Just over 795,000 Kuwaitis will be able to go to the polls on Tuesday June 5 to elect 50 deputies and hope for the formation of a stable government. Since 2012, the country has had ten legislative elections and no less than seven governments over the past three years.
Among its counterparts in the Gulf, the Kuwaiti National Assembly is the one with the most important powers. “Everyone speaks relatively freely”, explains Philippe Pétriat, lecturer in Middle Eastern history at the Sorbonne. In this country where parties are banned, the system still allows the expression of a diverse opposition ranging “from liberals to Islamists”.
However, Kuwait has been plunged for several years into a series of political crises which complicate the reform projects. In particular on the diversification of its economy still largely dependent on the oil windfall which makes up 90% of state income.
Last March, the Constitutional Court canceled the legislative elections held in 2022 and won by the opposition. Parliament, elected in 2020 in an election “very decried, because marked by corruption scandals”has been reinstated. “The 2022 election had brought a lot of renewal to the National Assembly with a movement of degagism, after Philippe Pétriat. Many people went to vote, especially young people. »
Formed in April, the last government to date fell after the dissolution of parliament announced by Crown Prince Mechaal Al Ahmad Al Jaber Al Sabah, who exercises power in the name of the emir.
The issue of abstention
Elected for four years and with powers allowing them to hold ministers belonging to the royal family to account, the 50 deputies are however limited by the waltz of governments. So much so that only 207 candidates, including 13 women, claim a parliamentary seat in these elections. A number at the lowest for twenty years.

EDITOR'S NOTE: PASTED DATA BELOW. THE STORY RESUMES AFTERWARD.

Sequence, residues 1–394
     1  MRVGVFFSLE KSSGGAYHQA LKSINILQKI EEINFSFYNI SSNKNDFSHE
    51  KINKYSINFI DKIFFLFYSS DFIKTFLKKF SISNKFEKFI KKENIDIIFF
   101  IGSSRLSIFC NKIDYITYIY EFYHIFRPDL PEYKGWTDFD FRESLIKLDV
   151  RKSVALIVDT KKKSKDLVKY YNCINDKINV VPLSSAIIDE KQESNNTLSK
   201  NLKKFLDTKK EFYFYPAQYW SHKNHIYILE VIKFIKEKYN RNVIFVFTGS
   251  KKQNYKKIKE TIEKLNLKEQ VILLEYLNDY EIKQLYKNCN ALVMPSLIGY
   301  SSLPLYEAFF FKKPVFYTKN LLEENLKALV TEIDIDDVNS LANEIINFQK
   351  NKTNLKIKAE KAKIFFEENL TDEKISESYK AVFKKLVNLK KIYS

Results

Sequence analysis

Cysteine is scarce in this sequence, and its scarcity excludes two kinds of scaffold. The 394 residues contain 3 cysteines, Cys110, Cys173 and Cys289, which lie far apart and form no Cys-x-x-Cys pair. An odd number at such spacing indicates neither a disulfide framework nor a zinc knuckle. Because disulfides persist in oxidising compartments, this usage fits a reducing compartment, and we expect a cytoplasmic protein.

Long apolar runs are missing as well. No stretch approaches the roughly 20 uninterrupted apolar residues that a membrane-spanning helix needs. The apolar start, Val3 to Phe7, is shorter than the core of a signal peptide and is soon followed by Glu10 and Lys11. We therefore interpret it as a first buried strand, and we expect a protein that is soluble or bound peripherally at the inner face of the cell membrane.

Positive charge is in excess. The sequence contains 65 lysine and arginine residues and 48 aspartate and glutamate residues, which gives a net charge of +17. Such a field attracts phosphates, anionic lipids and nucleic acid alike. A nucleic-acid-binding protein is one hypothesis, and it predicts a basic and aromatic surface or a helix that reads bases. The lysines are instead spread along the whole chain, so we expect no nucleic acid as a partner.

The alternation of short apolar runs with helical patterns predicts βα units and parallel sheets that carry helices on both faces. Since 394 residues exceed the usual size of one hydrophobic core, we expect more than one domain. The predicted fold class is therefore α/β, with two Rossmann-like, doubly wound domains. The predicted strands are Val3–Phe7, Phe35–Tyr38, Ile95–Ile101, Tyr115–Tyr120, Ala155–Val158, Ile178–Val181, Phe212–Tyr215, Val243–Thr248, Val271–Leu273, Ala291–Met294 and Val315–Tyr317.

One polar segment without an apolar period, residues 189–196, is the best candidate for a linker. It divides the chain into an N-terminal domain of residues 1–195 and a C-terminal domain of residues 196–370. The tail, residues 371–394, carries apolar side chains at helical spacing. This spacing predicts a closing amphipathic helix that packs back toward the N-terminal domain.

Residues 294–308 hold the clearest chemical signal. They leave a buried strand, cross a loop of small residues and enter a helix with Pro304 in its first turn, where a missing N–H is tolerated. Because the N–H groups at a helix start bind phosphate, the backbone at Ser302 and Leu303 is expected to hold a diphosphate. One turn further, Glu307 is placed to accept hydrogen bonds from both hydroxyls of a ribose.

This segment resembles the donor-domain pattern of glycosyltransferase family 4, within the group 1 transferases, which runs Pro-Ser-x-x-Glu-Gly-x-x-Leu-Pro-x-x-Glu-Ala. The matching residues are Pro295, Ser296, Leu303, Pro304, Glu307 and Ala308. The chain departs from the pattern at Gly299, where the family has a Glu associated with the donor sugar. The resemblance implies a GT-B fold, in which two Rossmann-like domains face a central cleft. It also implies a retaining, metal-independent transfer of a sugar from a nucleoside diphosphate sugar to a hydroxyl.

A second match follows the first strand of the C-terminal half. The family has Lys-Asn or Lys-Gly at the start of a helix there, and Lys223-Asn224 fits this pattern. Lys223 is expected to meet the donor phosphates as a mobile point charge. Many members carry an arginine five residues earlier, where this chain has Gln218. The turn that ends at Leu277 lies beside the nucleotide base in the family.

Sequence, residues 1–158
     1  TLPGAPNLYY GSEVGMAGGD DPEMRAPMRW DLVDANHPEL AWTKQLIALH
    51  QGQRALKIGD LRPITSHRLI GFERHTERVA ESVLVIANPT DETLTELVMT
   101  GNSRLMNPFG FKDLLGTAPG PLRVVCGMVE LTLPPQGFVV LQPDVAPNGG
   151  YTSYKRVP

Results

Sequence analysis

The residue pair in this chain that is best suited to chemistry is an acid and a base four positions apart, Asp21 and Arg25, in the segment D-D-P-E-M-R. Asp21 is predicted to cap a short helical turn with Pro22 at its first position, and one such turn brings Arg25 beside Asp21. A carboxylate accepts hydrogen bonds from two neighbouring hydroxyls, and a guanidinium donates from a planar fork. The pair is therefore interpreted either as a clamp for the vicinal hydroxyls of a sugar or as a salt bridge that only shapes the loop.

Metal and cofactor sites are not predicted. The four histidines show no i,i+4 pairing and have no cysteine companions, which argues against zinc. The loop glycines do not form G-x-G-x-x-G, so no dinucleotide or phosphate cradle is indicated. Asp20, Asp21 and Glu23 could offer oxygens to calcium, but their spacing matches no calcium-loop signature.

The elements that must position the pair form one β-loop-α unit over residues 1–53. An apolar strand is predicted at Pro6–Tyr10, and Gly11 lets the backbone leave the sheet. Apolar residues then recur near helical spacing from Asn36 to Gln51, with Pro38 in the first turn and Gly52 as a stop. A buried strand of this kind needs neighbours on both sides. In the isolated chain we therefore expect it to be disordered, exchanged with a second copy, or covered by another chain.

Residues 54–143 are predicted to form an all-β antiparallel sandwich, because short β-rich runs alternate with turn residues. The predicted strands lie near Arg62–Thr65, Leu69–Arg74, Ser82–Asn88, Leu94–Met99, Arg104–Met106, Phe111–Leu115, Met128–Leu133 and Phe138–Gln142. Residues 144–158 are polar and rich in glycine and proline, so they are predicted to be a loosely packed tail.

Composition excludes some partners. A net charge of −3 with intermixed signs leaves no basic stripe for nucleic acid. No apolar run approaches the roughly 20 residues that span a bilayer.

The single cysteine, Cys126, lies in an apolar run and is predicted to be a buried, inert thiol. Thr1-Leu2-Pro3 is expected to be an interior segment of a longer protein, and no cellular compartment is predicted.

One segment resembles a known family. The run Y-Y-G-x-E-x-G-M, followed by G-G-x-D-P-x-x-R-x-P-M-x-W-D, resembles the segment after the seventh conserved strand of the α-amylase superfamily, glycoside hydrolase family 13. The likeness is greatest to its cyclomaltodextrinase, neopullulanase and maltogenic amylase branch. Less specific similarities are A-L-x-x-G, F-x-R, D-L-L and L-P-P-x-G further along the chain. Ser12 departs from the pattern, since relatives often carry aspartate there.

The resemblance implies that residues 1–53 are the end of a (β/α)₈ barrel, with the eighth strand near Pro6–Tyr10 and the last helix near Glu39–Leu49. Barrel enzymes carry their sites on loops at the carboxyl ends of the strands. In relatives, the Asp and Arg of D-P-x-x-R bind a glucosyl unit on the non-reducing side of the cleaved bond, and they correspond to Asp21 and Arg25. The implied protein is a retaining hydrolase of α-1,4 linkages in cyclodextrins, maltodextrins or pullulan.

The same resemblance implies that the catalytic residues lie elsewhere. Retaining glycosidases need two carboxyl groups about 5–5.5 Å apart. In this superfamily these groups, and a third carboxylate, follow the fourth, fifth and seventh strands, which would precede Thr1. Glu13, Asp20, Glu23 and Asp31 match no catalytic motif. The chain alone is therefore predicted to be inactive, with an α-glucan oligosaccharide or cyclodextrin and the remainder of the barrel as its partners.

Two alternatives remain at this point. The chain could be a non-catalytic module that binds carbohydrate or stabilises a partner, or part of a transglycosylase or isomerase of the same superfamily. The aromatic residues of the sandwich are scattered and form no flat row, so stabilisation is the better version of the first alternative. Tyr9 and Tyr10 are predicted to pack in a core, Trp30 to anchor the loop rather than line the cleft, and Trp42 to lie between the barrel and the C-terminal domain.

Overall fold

Abstention could also be important. If the turnout reached 50 to 60% in previous elections, it could drop this Tuesday. “There is discouragement and disgust, many will not vote because they are fed up,” adds the specialist. A campaign encouraging subjects to vote is also underway in the country with billboards and television spots. An important issue at a time when low turnout risks giving the future government “a limited legitimacy in a context where politicians and the royal family are discredited in their ability to carry out reforms”.
Consensus on the needs to diversify the economy
The diversification of the economy remains the priority for the Kuwaiti Parliament. With the largest oil reserves in the world when compared to the population, the country is struggling to free itself from the revenues linked to its exploitation. Causing a certain ” worry “ faced with the speed at which other Gulf countries such as the Qatar where the United Arab Emirates have been able to invest in many areas.
“In principle, everyone agrees to implement many reforms. The problem is how to put them in place,” notes Philippe Pétriat. Reform projects often come up against local issues such as the allocation of subsidies for infrastructure projects or the sharing of ministerial portfolios.
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